Learning and Teaching Away From Delhi

As the school year is coming to an end and India is still struggling with its second wave of COVID numerous students and faculty have left Delhi and are now learning or teaching from somewhere else in the world. Whether you’re also out of the country, going to leave soon or maybe you’re just curious about what doing school is like in a different time zone this is the article for you. I interviewed Mr. Currey who is currently hosting zoom classes from Texas and a 7th grade student who travelled to the US as well. Students and teachers are in slightly different situations, teachers that are outside of Delhi still host zoom classes and teach no matter the time while many students are continuing this school year with asynchronous learning.



For Mr. Currey (and I assume many other teachers as well) the biggest obstacle is the time change. “I think it’s a challenge because like I’m definitely up in the middle of the night and then during the day, it feels like I have a whole other day too. I’m not sleeping enough.” Lack of sleep is a real challenge especially because he has to teach pretty much all night and still get up that day. Mr Currey and his family stayed in Delhi last year because “We wanted to stay for our students, we wanted to stay for the school, we felt safe medically.” “The difference this time was that we couldn’t get vaccines in India, I was able to land and get the vaccine that same day so from a medical perspective it made sense.” The hospitals in India are kind of a mess at the moment so if anything urgent happened Mr. Currey didn’t want to have to go there. He and his wife knew they would be able to efficiently do their jobs, they knew it was going to be a challenge but it’s a challenge they can handle.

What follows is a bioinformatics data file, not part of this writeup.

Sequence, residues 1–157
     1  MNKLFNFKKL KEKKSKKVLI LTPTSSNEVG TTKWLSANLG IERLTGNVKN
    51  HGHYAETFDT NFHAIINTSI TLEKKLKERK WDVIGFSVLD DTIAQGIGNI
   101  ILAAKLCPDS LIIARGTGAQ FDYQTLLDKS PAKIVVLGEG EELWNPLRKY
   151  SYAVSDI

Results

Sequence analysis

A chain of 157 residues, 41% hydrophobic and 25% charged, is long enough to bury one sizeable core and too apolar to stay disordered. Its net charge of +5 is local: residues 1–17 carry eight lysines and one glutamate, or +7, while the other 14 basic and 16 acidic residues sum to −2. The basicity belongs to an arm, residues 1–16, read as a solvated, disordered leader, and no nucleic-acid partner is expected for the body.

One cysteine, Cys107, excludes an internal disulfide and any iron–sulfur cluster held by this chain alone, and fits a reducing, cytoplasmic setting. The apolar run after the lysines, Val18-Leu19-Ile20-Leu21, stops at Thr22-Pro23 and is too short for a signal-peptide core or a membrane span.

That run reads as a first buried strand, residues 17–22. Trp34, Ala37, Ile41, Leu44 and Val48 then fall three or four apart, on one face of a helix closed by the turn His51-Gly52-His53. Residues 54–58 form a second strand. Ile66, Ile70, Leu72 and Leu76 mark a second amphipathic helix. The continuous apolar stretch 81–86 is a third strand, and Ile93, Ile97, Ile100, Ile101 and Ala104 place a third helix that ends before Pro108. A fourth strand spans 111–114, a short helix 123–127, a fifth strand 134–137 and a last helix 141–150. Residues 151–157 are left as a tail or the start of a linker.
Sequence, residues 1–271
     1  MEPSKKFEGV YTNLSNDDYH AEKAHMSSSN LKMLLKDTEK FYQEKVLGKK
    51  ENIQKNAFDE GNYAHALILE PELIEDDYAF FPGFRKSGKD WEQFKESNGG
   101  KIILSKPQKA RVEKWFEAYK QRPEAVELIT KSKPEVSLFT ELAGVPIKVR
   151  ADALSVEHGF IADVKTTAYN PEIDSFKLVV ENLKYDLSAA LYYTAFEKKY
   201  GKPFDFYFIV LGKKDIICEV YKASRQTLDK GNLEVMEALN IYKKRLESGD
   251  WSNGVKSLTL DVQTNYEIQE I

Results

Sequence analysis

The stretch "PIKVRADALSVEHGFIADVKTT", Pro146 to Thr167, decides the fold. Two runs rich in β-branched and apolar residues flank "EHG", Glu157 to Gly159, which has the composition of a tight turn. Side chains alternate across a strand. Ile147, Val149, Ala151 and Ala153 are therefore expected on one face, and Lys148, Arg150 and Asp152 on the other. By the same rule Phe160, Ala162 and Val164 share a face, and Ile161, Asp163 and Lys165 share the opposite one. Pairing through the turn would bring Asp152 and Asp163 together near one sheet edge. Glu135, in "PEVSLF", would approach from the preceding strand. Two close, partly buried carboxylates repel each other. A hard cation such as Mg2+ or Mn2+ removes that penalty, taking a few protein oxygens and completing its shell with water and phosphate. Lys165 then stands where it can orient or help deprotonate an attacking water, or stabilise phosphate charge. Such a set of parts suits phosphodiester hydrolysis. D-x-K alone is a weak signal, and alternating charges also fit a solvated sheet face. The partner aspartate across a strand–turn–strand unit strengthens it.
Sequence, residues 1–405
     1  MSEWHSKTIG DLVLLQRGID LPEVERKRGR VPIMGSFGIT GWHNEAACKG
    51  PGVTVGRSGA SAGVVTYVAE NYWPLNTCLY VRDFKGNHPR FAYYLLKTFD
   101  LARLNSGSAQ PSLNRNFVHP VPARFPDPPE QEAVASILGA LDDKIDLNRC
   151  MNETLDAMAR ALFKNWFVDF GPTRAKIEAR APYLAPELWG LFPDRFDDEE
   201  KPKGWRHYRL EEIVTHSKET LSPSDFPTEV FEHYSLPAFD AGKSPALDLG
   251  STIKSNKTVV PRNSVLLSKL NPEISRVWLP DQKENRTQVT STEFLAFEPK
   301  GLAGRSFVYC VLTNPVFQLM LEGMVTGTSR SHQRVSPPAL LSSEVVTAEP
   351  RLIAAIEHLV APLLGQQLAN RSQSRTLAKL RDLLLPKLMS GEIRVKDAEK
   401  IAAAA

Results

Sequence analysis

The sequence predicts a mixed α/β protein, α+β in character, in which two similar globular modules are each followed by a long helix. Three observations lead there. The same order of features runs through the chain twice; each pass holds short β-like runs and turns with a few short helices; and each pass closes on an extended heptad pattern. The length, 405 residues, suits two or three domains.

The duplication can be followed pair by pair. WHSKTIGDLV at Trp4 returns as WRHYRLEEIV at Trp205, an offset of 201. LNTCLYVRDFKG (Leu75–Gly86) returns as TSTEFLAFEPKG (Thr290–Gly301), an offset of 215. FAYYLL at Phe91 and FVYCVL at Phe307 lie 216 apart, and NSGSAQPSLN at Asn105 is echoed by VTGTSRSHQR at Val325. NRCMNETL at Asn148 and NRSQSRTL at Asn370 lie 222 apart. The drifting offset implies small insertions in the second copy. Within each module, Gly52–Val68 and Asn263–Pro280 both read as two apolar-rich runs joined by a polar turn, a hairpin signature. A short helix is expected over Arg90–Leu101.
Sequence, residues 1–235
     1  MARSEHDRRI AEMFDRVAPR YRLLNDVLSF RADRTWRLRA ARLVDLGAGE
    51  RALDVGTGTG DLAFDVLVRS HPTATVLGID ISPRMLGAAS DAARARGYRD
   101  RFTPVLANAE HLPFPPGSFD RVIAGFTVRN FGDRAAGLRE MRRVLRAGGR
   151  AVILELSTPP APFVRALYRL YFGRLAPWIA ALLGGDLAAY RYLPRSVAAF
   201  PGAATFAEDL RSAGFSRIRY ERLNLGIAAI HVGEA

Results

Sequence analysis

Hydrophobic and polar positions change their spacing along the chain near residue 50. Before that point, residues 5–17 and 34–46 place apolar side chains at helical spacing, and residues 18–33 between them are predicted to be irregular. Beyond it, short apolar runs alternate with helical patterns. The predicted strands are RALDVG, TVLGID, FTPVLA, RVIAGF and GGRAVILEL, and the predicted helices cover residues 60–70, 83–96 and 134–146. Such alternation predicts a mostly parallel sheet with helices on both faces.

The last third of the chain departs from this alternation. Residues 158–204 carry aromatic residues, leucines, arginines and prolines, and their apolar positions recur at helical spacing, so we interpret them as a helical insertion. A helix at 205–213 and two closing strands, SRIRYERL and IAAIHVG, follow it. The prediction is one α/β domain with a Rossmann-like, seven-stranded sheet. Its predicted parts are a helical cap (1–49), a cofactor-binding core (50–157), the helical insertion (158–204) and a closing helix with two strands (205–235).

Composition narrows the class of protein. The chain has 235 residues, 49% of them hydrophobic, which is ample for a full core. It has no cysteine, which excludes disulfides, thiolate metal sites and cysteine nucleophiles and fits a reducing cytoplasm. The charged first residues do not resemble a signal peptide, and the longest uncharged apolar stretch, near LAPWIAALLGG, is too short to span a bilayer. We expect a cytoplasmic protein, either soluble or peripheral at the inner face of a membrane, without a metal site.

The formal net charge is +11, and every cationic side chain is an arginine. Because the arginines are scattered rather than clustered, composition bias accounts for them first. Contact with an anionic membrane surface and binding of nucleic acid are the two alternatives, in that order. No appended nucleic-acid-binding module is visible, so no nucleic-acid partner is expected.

Students have a different perspective because they were able to finish the school year asynchronously. Some students outside of Delhi are still attending zoom classes because the time difference isn’t too bad. But you already know what class on zoom is like, so I interviewed a fellow student who left Asia at the end of April and is completing school asynchronously. “Asynchronous work is so much harder than synchronous work because you aren’t there on zoom to hear instructions and ask direct questions. I do miss zoom because of its convenience to ask questions.” One of the benefits of zoom was that we could ask questions and share our concerns with the teacher right then and there. Asynchronous school you’d have to email teachers but because of time zones you won’t get a response quickly. This student is also planning on returning to AES next school year with the hopes of the school opening up full time again. After I publish this I’ll finish packing and then soon head to the airport. See ya next year!


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